Nike Flyknit Lunar 1+ review

by Solereview editors
Published: Last Updated on

Color: Black/White-Light Charcoal-Neo Turquoise

Intended use: Conditioning/training runs, long to mid distance at a relaxed pace

Surfaces tested on: Road, synthetic track 21° C/70° F

Upper:  Knit upper made of synthetic threads.

Midsole: Lunarlon foam, injection molded EVA (Phylon in Nikespeak)

Outsole:  Carbon rubber (BRS 1000), injection molded EVA.

Weight: 262 gms/9.24 Oz for a half pair of US11.

Extension of the 2012 Flyknit Trainer, with better cushioning due to use of  Lunar foam. Fits and breathes excellently, in a super lightweight package. One of Nike's best new intros, and the shoe should make most of the runners happy, ranging from heel to forefoot strikers. Also one of the few well cushioned shoes in the market with a low heel to toe drop. There are some areas which can improve, but none of them are deal breakers.

2012 Nike Flyknit Trainer


Our original plan was to review the 2012 Nike Flyknit Racer or the Trainer. As luck would have it, that plan didn’t turn out so well. Sometime in late November, we went to the Santa Monica Nike store and tried on the Racer and the Trainer, and made the silly mistake of not buying them on the spot. We decided to defer our purchase to the following week, when we would be in Portland, Oregon.

Surely, we should have no problem buying the Flyknit in downtown Portland, Nike’s own backyard, right? Wrong – all the Flyknits were sold out, and horror of horrors, it was gone online too. We had our chance in Santa Monica, and we blew it. We couldn’t believe it. This kind of buying frenzy is usually reserved for extremely limited edition sneaker releases, and not for race day running shoes.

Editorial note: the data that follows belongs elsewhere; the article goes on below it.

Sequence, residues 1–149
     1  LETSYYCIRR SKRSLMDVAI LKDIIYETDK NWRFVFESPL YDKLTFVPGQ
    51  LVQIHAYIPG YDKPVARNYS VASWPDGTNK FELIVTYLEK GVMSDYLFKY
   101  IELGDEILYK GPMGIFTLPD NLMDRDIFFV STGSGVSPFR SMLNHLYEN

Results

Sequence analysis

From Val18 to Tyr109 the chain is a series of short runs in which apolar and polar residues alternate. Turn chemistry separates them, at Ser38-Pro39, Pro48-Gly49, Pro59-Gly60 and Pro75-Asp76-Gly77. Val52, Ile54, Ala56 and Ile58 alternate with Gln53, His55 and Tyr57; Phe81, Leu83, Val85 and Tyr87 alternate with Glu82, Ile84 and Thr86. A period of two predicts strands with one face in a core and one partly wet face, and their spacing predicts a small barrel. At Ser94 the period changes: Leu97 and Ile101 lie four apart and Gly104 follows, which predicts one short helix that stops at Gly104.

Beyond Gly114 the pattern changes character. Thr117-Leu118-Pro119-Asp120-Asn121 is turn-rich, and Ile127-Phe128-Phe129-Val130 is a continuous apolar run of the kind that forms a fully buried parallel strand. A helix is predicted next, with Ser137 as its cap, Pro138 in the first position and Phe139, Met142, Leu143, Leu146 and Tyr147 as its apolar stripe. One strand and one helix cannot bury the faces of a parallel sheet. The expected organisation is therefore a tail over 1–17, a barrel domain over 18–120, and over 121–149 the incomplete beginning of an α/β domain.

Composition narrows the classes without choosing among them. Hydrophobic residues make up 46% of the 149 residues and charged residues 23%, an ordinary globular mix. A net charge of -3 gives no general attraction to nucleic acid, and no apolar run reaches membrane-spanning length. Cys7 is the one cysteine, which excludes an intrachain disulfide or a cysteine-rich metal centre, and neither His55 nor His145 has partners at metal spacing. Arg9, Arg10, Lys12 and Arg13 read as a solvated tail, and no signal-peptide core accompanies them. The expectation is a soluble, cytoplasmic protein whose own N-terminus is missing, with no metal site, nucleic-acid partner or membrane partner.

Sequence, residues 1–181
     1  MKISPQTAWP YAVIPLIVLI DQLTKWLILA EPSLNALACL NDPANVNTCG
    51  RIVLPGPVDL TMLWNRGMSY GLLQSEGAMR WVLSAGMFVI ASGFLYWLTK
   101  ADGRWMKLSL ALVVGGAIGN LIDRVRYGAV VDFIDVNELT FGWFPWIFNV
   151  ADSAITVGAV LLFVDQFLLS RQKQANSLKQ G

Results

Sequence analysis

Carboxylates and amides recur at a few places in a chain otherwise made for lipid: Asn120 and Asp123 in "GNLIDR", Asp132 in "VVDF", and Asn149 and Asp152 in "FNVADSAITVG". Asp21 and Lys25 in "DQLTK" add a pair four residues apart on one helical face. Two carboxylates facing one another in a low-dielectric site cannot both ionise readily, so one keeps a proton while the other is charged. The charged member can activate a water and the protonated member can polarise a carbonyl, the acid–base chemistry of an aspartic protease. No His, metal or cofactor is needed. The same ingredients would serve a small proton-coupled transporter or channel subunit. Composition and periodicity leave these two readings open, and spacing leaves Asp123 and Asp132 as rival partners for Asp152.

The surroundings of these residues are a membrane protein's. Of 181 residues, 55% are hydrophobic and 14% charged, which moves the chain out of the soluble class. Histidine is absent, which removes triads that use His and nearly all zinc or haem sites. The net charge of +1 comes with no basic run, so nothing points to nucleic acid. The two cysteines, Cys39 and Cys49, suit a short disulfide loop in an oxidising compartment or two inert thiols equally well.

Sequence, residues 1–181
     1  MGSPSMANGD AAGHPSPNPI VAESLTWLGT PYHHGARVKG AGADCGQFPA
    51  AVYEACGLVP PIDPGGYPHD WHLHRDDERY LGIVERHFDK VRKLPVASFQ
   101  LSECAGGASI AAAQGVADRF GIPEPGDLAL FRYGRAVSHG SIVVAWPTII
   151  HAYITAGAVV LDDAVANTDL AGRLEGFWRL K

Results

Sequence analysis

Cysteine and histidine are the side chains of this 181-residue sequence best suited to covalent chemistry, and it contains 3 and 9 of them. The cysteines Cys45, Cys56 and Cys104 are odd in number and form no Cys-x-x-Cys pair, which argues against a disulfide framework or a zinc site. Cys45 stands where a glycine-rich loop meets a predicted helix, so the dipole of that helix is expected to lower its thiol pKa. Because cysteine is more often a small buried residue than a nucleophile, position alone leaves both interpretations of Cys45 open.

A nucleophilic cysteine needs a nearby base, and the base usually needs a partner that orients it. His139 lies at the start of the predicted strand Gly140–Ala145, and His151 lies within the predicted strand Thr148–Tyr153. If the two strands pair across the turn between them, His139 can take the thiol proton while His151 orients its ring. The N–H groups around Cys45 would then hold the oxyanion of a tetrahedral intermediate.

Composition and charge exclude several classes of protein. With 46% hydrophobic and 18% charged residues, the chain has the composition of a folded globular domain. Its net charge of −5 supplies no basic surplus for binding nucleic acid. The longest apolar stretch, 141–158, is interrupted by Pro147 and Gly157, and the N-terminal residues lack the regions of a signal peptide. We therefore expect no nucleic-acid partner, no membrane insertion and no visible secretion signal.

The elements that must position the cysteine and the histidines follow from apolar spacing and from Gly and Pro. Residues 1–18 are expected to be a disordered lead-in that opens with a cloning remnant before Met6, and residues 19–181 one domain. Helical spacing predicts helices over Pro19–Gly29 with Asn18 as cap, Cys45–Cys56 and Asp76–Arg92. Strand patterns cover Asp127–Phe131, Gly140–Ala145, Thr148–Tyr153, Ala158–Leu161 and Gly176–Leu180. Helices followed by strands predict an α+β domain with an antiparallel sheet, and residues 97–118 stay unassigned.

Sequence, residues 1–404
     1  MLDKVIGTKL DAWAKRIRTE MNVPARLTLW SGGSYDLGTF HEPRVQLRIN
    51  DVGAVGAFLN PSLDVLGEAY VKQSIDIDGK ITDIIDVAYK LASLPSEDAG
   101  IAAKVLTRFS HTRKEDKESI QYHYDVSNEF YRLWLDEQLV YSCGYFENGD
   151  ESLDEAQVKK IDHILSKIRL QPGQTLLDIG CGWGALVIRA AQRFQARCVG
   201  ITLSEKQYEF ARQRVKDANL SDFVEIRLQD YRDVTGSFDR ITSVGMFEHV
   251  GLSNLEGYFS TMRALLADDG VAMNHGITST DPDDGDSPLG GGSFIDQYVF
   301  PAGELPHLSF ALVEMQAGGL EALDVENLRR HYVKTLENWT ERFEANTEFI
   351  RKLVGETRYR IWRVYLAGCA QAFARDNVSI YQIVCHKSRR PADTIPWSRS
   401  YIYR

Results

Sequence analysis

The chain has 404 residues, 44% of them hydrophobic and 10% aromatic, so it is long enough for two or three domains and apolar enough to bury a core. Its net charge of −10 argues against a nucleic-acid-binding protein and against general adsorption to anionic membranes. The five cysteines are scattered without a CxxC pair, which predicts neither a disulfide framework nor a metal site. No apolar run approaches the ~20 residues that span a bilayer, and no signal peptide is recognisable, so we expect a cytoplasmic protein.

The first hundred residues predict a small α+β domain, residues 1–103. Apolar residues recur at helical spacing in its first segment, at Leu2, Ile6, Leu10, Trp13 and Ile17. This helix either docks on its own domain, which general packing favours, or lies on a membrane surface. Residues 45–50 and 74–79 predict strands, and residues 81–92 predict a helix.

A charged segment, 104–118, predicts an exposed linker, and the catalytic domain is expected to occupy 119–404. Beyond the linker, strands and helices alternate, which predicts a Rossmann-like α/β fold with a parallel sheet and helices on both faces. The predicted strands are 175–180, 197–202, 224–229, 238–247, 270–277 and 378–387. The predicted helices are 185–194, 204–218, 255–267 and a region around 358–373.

That’s when we realized how hot this shoe was. But fortune favors the brave, and we got the opportunity to review the 2013 Flyknit One+ weeks ahead of its global release. Needless to say, we jumped at it. With all the hype surrounding the Flyknit Lunar 1+, we were expecting a grand box specially designed for the shoe (a la Lebron X), but it arrived in a regular box. We guess all of Nike’s packaging money is dedicated to Baller kicks.



The Flyknit platform is a brand new step, not only for Nike, but for the entire athletic footwear industry. For decades, shoe uppers have been all about several layers of overlays, underlays, mesh, seams and adhesives. Recently, shoe uppers had started using a lot of no-sew technology, but still, that step was evolutionary; not exactly turning footwear manufacturing principles on its head.

The Flyknit upper, on the other hand, goes where no other shoe has gone before – get rid of all the layers and overlays, by using a engineered knit upper which promised to result in a precision fit. The whole idea is incredible – so much so that the TIME magazine named the Flyknit Racer as one of the best inventions of 2012. But Nike has a history of coming up with radical ideas for running shoe uppers, so the Flyknit doesn’t really surprise us. Remember the 1986 Nike Sock Racer, the 1995 Footscape and Air Rift?

The Flyknit Racer and Trainer were released in Fall 2012,  with the Racer being a raceday shoe and the Trainer, which was targeted towards mainstream runners. Nike follows it up in 2013 with the Flyknit Lunar 1+ , which combines the 2012 Flyknit Trainer upper (with some changes) with the popular Lunarlon sole unit. The result? Let’s go over that in our performance review.




The 2013 Nike Flyknit One+ takes the upper of the 2012 Trainer, and adds two things – a plusher heel collar area, and ribbon laces. Doesn’t sound like much, but adds a lot of comfort to what was already a great shoe to wear. The Flyknit upper, as we’ve come to realize after putting miles on them, is simply brilliant. If we had to pick one thing in the Flyknit upper which shines through, it is the amazing fit. The entire upper is one knit unit, just joined at the heel with a seam. The knit structure varies depending on the upper area. Just the toe area alone has four different knit structures, each with with different stretch properties.

The fabric right around the midsole edge is the non-stretchy type, and as you move upwards towards the center of the toe box, the knit property changes to stretch. The spot over the big and small toe is stretchy, and a band (colored in dark grey) runs diagonally across the lower section of the big toe to the arch side. This separates the big and small toes, so while you can more around your toes freely, the tighter band prevents the toe box from bloating upwards.